Sunday, September 18, 2011


We've been accidentally less-than-daily for a while now. I'm sorry about that, but with my schedule lately it just isn't possible to maintain the promised schedule here. If you are interested in helping out here in the future so we can prevent these gaps (LMOTD is back to being essentially a one-man operation, so this happens whenever I'm too busy to tend to it), please let me know by sending an e-mail to

Saturday, September 10, 2011

National Building Museum Exhibit Damaged by Earthquake

Name of Photoset: LEGO® Architecture Survives the Quake
Photos by: National Building Museum
Found at:
Details: I've previously mentioned the display at the National Building Museum in Washington, DC. Recently, shortly after an earthquake could be felt in the DC area, the museum reported that two of the LEGO buildings were damaged in the quake. In spite of the few glued parts I noticed while seeing the display in person last year, apparently most of the display is not glued. About one fourth of the Burj Khalifa and the top of the Empire State Building fell apart, but the display is currently open again for visitors. I have not been able to find any information on when Adam Reed Tucker will be returning to repair these two models.

On a happier note, this exhibit will now be open an entire year longer than previously announced - you can now see LEGO® Architecture: Towering Ambition through September 3, 2012 (which would make a nice addition to a trip to BrickFair VA 2012). While you're there, don't miss the ongoing Washington: Symbol and City exhibit.

Wednesday, September 7, 2011

Grand Palace of Thailand

Name of Model: This is the model of the Grand Palace of Thailand. Any suggestions please email
Created by: fvin
Found at:
Details: This stunning minifig-scale recreation of the Grand Palace of Thailand makes fantastic use of color and greebly bits as architectural details. Frequently, the colors don't actually come in the correct shapes to do a straight LEGO rendition of the original building, but here combinations of smaller parts are used perfectly to create a striking resemblance. Quite a few parts are used in surprising ways, but some that stood out to me were the gold flags used as trim on the roof, the use of 1x2 bricks bent into a curve over the main entrance, and the wheels used in the pediments over the first-floor windows. Of course, the gorgeous curves of the building's distinctive domes are the easy show stealer - accurately using lots of small, flouted gold elements to sell the look.

"Calamity Jane" Privateer Gunship

Name of Model: "Calamity Jane" Privateer Gunship
Created by: yoder42 (Michael Yoder)
Found at: and
Details: There are enormous spaceships, and then there are enormous spaceships that actually fill up all that space with plausible details. This ship is most definitely the latter - complete with an interior, weaponry, detachable pods, a cargo bay, container modules, and an easy-to-open modular design.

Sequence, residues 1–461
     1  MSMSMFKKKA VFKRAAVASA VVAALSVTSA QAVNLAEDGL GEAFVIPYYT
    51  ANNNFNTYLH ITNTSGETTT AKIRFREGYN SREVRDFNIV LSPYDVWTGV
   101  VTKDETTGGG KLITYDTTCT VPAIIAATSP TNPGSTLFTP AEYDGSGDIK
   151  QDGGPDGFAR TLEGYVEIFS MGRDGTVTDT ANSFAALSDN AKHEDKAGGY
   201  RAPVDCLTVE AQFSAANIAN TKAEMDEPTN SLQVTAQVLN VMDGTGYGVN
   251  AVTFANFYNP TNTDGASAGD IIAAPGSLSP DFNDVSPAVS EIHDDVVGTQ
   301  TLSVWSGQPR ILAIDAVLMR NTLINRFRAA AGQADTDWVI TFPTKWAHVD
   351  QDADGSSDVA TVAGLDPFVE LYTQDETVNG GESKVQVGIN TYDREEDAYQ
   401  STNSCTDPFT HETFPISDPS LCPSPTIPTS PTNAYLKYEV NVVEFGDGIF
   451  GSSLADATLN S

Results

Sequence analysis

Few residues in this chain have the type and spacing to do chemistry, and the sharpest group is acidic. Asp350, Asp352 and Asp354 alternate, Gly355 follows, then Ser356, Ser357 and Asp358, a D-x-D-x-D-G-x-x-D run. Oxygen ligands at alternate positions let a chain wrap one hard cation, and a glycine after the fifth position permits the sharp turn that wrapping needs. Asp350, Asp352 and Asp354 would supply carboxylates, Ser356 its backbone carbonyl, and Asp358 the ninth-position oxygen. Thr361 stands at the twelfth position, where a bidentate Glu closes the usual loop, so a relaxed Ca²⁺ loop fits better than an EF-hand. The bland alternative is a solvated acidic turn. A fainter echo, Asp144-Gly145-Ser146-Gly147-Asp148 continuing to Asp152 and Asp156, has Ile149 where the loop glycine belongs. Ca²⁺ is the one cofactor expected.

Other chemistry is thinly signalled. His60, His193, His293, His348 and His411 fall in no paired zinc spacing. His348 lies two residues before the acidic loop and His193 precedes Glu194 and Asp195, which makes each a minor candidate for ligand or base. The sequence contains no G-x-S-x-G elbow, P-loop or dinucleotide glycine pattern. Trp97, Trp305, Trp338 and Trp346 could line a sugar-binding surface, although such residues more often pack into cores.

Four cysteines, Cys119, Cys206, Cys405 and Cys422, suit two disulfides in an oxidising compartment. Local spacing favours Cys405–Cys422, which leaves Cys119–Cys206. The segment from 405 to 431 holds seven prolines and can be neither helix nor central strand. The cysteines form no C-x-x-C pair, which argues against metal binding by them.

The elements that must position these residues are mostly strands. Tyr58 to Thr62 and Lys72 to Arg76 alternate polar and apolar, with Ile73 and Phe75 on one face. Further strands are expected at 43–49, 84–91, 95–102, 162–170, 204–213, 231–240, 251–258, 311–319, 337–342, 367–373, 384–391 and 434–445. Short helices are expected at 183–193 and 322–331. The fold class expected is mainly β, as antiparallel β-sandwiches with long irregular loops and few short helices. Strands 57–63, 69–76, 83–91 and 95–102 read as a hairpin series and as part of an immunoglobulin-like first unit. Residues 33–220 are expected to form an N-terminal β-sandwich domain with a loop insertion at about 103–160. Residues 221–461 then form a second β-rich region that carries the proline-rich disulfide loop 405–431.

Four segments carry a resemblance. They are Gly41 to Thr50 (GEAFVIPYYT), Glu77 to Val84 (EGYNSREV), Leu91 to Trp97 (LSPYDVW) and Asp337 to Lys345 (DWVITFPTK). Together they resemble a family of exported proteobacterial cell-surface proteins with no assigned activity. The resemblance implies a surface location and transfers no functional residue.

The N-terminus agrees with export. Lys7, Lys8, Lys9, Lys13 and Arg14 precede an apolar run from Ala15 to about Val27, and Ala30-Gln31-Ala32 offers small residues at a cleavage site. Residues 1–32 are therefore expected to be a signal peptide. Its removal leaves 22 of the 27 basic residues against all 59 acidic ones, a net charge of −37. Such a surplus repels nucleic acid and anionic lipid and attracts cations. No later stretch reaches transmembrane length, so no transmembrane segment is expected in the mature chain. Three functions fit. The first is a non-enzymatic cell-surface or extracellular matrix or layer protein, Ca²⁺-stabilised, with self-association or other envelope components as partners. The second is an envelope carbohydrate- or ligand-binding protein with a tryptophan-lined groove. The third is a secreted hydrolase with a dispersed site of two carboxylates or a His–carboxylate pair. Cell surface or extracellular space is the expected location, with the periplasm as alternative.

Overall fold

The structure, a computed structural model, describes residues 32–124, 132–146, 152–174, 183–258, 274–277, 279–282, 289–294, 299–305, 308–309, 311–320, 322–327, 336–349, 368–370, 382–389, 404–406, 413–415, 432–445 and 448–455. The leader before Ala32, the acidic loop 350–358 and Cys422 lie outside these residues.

Moulding Machines

Name of Model: 4000001 Moulding Machines
Created by the LEGO company for participants on one LEGO Inside Tour.
Found at:
Details: I've previously blogged about the LEGO inside tour and one of the exclusive kits given there, but as additional tours come up, each one gets a new exclusive kit. The most recent inside tour participants received the set I'm featuring today - 4000001 Moulding Machines. The person who took the photos featured here also made a video of the build and wrote a full review for EuroBricks. The set recreates both the current style of moulding machine and the earliest hand-operated moulding machine from 1949. There are even play features - you can press the mould together on the smaller machine, and the larger machine has a slot for a round 1x1 plate to go through as if it were a raw ABS pellet.

You know you want it - and sure enough, someone has loaded it up into LDD and made building instructions.
This is Tuesday and Wednesday's models of the day

Monday, September 5, 2011

A Subtractive 3D Printer

Name of Model: LEGO 3D Milling Machine - "3D Printer"
Created by: Arthur Sacek for ZOOM Education for Life
Found at:
This "milling machine" is an unusual approach to the 3D Printer concept - instead of using an additive process that slowly stacks up, this machine uses a subtractive process by taking a block of floral foam and trimming it down. That "trimming" is actually even more interesting - a drill (the only non-LEGO component here) digs in over and over again, and the final shape of the printed object is only visible after using a vacuum cleaner to suck away the thick layer of floral foam dust.